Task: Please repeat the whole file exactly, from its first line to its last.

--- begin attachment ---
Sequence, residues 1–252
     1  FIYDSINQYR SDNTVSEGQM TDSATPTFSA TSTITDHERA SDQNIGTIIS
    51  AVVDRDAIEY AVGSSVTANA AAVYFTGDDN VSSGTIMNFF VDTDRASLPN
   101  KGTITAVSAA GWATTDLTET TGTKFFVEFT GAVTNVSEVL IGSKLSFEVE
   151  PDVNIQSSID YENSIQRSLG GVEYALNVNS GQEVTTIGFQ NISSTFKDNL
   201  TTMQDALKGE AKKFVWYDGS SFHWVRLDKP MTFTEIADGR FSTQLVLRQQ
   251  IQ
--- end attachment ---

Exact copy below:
Sequence, residues 1–252
     1  FIYDSINQYR SDNTVSEGQM TDSATPTFSA TSTITDHERA SDQNIGTIIS
    51  AVVDRDAIEY AVGSSVTANA AAVYFTGDDN VSSGTIMNFF VDTDRASLPN
   101  KGTITAVSAA GWATTDLTET TGTKFFVEFT GAVTNVSEVL IGSKLSFEVE
   151  PDVNIQSSID YENSIQRSLG GVEYALNVNS GQEVTTIGFQ NISSTFKDNL
   201  TTMQDALKGE AKKFVWYDGS SFHWVRLDKP MTFTEIADGR FSTQLVLRQQ
   251  IQ